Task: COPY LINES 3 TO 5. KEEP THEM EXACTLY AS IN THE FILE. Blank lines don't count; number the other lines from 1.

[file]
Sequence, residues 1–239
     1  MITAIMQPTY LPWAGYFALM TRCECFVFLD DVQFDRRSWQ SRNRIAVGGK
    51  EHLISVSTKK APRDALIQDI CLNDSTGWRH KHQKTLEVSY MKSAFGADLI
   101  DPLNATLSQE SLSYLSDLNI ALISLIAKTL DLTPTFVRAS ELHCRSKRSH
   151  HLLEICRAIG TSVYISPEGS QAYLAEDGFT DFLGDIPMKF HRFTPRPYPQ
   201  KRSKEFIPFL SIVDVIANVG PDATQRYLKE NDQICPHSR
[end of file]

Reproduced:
    51  EHLISVSTKK APRDALIQDI CLNDSTGWRH KHQKTLEVSY MKSAFGADLI
   101  DPLNATLSQE SLSYLSDLNI ALISLIAKTL DLTPTFVRAS ELHCRSKRSH
   151  HLLEICRAIG TSVYISPEGS QAYLAEDGFT DFLGDIPMKF HRFTPRPYPQ